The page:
The honor 8 comes with a OK-good 5.2-inch 1080p LTPS LCD display. Why OK-Good? Well, it is just mediocre. Not to say the best, but not the worst either.
As expected from an IPS panel, the viewing angle is great. However it is not something I would brag about this phone as there’s plenty of other phones that comes with similar or better displays.
Screen brightness is sufficient even for outdoor usage, but not something that would surprise me.
The camera on the honor 8 is great. Despite it has lower pixel count compared to honor 7, however let me explain that why the numbers are irrelevant here.
Focusing is quick and spot-on thanks to the laser autofocusing system. That is quite a relief where I could always be confident that my phone would actually nail the focus every time I release the shutter.
While the colours appear to be washed out and less saturated at most of the time, but the camera app’s auto white balance is surprisingly accurate most of the time. The outcome of the colour temperature closely resembles to what we see in real life.
This shot was taken immediately with the ultra-snapshot feature whereby double clicking the volume down button, the phone launches the camera app and takes a photo immediately.
Although it is slightly blurred if you pixel peep, but just look at that effectiveness in taking a *cough*creep*cough* quick snapshot.
Then the honor’s feature filled camera app has made a comeback. The Pro camera and video functions are still one of the most useful feature that comes with the app. They might not be the best consider that the camera being not as powerful as dedicated cameras, but allowing users to adjust the ISO, shutter speed, white balance, focus mode and exposure compensation value could make wonders.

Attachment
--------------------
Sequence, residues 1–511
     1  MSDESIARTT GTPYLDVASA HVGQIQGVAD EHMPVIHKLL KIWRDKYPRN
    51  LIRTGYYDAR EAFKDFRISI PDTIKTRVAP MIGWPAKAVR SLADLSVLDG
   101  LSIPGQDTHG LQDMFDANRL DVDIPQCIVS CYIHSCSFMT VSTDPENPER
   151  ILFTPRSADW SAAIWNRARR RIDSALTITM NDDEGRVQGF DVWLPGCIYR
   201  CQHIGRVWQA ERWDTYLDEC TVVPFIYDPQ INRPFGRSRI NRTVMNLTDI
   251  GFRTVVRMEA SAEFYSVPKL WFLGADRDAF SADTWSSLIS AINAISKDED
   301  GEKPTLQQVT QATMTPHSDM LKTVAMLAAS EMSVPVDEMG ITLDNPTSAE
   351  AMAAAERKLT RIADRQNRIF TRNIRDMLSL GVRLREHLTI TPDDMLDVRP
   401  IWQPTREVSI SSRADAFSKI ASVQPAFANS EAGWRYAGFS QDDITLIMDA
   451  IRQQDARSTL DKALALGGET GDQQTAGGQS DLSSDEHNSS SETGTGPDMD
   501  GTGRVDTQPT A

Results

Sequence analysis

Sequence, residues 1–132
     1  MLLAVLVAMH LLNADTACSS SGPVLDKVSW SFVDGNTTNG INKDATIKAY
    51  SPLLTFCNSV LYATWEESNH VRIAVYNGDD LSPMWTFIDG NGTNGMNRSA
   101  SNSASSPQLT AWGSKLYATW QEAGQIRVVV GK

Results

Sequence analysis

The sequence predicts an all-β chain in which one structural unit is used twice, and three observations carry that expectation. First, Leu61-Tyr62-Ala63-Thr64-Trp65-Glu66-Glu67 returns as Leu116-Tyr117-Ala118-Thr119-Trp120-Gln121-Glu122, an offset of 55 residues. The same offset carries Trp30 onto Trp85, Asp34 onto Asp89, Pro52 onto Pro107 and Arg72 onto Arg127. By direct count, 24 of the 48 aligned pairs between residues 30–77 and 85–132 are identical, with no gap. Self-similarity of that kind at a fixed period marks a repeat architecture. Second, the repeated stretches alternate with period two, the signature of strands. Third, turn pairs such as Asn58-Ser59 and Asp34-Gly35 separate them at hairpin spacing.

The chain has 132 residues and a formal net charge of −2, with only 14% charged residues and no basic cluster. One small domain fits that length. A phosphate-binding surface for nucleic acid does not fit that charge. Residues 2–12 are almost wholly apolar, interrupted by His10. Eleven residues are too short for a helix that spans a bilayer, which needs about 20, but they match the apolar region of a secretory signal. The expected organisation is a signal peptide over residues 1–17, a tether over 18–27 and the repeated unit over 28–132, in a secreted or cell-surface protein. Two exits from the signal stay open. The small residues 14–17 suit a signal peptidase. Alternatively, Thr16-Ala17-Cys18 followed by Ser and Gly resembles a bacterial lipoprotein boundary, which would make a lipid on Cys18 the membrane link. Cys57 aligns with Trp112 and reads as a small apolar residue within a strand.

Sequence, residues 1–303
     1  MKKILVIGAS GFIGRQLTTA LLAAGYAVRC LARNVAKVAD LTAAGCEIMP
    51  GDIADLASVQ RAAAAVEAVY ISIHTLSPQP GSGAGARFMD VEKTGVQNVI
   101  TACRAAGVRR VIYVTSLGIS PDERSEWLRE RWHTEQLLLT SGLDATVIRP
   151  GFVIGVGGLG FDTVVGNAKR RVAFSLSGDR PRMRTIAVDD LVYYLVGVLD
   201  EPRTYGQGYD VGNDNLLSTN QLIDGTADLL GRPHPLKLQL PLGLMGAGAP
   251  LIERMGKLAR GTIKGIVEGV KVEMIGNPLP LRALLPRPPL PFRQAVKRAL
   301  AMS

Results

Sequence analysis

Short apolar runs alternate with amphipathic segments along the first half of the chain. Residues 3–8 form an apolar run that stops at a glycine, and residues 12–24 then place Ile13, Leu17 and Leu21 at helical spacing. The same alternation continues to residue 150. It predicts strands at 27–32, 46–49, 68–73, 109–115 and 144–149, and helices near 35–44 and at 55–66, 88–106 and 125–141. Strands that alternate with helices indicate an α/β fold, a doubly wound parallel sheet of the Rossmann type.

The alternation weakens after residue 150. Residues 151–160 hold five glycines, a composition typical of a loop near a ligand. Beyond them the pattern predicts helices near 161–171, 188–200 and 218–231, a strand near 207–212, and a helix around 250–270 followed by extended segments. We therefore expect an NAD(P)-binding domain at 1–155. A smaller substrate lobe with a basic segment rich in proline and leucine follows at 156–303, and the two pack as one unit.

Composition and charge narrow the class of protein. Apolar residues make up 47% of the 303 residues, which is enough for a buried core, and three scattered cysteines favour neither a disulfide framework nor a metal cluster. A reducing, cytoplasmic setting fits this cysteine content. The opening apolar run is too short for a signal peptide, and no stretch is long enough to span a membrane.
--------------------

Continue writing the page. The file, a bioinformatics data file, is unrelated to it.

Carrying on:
The dual camera at the back is not just there for the sake of being there, they’re actually used for adding details to the photos by combining the colour sensor’s image and monochrome sensor’s details to create the best image.
Other than that, thanks to the software’s magic, the dual camera, is capable of “taking” wide aperture photographs. Or should I say simulate wide aperture photographs.
Every time you press the shutter button, the dual camera sensors at the back would simultaneously take two photographs – one RGB and one monochrome, then the software would combine both photos into one. Other than allowing you to change the aperture effect, it also allows you to adjust the focus point after the photo has been taken.
Personally I find it quite nice to use if the simulated aperture is around the range of f/4.0~f/11. Anything between the f/0.95~f3.5 usually results a fake looking image which tries hard to be cool.
While this camera still has long way to go before it reaches the standard of those low light monsters, yet it doesn’t mean that you can’t take reasonably well low light photographs.
Above photo was taken sometime around dusk, in a poorly lit environment. Hey, it still looks alright.
All in all, the camera is a real deal and I don’t have much to complain about. It would be great if they manage to include optical stabilisation because that would reduce the chances of getting blurred photos due to shaky hands.
While some may think this is the exact same camera as the Huawei P9, but in fact they’re not for the following reasons: